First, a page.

Summary:

Ruckus Wireless cleared $126 million in an IPO that valued the company at $1.2 billion, though the stock tanked when it began publicly trading Friday morning. The company, however, is now well positioned to make a big mark in the carrier Wi-Fi market.

A Ruckus Wireless Wi-Fi hotspot/small cell
photo: Ruckus Wireless

Wireless networking startup Ruckus Wireless graduated to public company status on Friday, appearing on the New York Stock Exchange under the ticker RKUS after clearing $126 million in an IPO. Ruckus sold 8.4 million shares at $15 a piece, valuing the company at $1.2 billion, but when trading commenced this morning the stock price fell steadily throughout the day closing at $12.30.

Based in Sunnyvale, Calif., Ruckus makes both enterprise and carrier-grade Wi-Fi gear, which mobile operators use to augment their 3G and 4G mobile broadband networks. Wi-Fi has been a hot space in wireless in the last two years, as carriers look for ways to add cheap and plentiful capacity. Ruckus and its biggest competitor BelAir Networks both benefited from the trend, landing huge carrier deals to build massive outdoor Wi-Fi systems. BelAir got acquired by networking giant Ericsson, but Ruckus opted to remain independent, partnering with Ericsson’s competitors.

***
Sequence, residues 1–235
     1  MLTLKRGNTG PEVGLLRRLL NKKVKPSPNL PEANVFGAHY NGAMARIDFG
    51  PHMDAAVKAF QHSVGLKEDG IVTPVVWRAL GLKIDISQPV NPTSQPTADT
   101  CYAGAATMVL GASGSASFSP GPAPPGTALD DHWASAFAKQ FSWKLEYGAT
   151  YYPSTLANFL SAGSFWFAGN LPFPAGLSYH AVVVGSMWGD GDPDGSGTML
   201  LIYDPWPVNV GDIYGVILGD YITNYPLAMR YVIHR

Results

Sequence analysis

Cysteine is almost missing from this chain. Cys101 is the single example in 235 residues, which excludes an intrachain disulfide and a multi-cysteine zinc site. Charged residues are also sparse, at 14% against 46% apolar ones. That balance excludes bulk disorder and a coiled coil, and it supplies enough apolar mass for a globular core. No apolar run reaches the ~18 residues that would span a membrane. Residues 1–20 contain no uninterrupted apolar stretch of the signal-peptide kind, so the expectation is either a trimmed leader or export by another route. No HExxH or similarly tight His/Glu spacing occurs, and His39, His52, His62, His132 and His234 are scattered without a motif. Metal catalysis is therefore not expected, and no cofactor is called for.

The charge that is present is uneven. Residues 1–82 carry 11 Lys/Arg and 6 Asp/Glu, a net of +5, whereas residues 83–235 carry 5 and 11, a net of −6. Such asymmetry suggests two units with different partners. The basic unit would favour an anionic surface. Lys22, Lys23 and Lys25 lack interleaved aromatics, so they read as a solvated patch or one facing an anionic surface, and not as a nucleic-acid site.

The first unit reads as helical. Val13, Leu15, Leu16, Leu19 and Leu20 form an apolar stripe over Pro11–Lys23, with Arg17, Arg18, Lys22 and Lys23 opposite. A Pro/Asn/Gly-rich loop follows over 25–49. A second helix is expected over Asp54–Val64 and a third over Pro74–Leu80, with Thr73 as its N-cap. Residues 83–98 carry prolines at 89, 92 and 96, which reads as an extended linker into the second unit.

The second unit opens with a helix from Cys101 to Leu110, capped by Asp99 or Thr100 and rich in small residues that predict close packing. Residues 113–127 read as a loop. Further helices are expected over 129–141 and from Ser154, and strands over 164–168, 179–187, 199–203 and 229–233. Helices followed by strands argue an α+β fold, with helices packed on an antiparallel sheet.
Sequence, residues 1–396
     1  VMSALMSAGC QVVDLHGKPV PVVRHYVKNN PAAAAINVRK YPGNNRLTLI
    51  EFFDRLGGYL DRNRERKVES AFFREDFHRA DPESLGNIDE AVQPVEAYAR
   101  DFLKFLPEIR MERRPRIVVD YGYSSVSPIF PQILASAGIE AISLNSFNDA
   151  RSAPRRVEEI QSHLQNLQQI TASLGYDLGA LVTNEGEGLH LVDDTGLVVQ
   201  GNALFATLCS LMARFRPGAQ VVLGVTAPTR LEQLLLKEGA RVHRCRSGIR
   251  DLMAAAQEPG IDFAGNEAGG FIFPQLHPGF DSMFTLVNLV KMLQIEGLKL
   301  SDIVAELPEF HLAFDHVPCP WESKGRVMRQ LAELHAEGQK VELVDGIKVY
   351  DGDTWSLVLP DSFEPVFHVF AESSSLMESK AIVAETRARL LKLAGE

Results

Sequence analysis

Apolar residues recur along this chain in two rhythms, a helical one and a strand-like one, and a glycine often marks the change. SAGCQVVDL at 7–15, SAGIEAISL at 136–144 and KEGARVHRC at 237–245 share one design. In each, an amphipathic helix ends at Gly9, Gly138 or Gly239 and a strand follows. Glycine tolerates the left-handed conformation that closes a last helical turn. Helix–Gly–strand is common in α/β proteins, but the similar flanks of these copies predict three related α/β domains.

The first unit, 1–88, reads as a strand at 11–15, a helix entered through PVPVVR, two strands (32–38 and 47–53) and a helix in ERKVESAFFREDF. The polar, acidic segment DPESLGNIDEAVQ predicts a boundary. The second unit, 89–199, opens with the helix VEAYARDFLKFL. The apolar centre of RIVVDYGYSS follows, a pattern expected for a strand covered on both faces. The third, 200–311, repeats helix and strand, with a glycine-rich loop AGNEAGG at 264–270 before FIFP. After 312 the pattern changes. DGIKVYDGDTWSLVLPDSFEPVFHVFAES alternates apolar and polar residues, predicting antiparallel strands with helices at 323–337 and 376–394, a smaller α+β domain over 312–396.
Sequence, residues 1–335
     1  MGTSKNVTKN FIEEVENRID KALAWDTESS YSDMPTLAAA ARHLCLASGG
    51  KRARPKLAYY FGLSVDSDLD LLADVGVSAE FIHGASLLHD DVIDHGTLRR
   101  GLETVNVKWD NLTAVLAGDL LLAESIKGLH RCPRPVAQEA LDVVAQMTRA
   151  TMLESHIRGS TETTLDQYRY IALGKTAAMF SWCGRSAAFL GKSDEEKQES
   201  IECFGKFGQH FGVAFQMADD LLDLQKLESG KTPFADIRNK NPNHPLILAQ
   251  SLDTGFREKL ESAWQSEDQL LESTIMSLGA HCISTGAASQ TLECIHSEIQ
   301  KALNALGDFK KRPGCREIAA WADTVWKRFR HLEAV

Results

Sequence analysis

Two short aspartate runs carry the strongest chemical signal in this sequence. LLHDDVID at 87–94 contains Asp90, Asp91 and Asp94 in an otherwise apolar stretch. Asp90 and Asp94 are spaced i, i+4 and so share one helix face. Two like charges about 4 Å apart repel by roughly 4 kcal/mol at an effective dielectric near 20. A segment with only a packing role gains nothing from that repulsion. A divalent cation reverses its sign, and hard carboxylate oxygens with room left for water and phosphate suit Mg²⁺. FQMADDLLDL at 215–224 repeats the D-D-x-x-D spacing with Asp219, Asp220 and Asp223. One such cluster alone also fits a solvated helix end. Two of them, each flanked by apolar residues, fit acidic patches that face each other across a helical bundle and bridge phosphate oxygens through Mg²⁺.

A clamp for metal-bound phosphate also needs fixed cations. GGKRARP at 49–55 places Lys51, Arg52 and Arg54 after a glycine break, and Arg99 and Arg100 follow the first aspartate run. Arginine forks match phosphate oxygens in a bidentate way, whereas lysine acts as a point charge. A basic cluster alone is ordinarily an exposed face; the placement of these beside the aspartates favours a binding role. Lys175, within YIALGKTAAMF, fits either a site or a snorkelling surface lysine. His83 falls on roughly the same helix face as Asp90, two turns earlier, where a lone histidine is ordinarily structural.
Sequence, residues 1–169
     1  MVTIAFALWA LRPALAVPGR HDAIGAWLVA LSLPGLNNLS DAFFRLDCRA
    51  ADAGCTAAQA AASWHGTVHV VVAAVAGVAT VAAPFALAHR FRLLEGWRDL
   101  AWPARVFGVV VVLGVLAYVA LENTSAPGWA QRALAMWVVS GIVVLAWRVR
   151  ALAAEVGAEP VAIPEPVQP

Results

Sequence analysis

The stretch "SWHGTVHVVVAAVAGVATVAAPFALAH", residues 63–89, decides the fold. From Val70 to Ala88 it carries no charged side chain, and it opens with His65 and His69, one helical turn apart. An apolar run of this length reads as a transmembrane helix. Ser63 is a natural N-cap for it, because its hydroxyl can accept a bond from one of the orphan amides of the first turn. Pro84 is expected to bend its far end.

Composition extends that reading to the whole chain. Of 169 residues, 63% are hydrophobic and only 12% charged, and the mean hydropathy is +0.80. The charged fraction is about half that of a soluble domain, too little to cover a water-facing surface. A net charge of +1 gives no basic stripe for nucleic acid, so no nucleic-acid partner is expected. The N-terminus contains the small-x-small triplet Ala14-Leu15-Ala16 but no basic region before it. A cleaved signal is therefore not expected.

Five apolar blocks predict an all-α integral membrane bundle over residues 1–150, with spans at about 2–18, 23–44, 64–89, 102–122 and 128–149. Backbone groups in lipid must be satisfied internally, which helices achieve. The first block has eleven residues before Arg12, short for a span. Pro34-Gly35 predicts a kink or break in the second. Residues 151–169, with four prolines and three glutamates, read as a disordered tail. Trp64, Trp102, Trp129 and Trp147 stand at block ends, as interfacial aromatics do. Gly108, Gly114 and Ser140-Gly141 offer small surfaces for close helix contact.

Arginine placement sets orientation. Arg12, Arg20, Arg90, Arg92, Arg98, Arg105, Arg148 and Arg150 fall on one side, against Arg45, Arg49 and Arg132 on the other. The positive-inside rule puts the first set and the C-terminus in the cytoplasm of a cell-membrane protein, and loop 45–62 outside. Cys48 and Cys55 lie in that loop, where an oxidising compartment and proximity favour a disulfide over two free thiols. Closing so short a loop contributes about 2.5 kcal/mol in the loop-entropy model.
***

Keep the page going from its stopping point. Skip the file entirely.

While the company’s initial investors sold off 1.4 million shares, its largest venture capital investor Sequoia Capital stayed all in and now owns 24 percent of the public company, BusinessWeek reported. The company’s co-founders Bill Kish and Victor Shtrom are remaining with Ruckus, serving as CTO and chief wireless architect respectively. The CEO role remains in the hands of Selina Lo, a veteran of another startup that went public Alteon Websystems.

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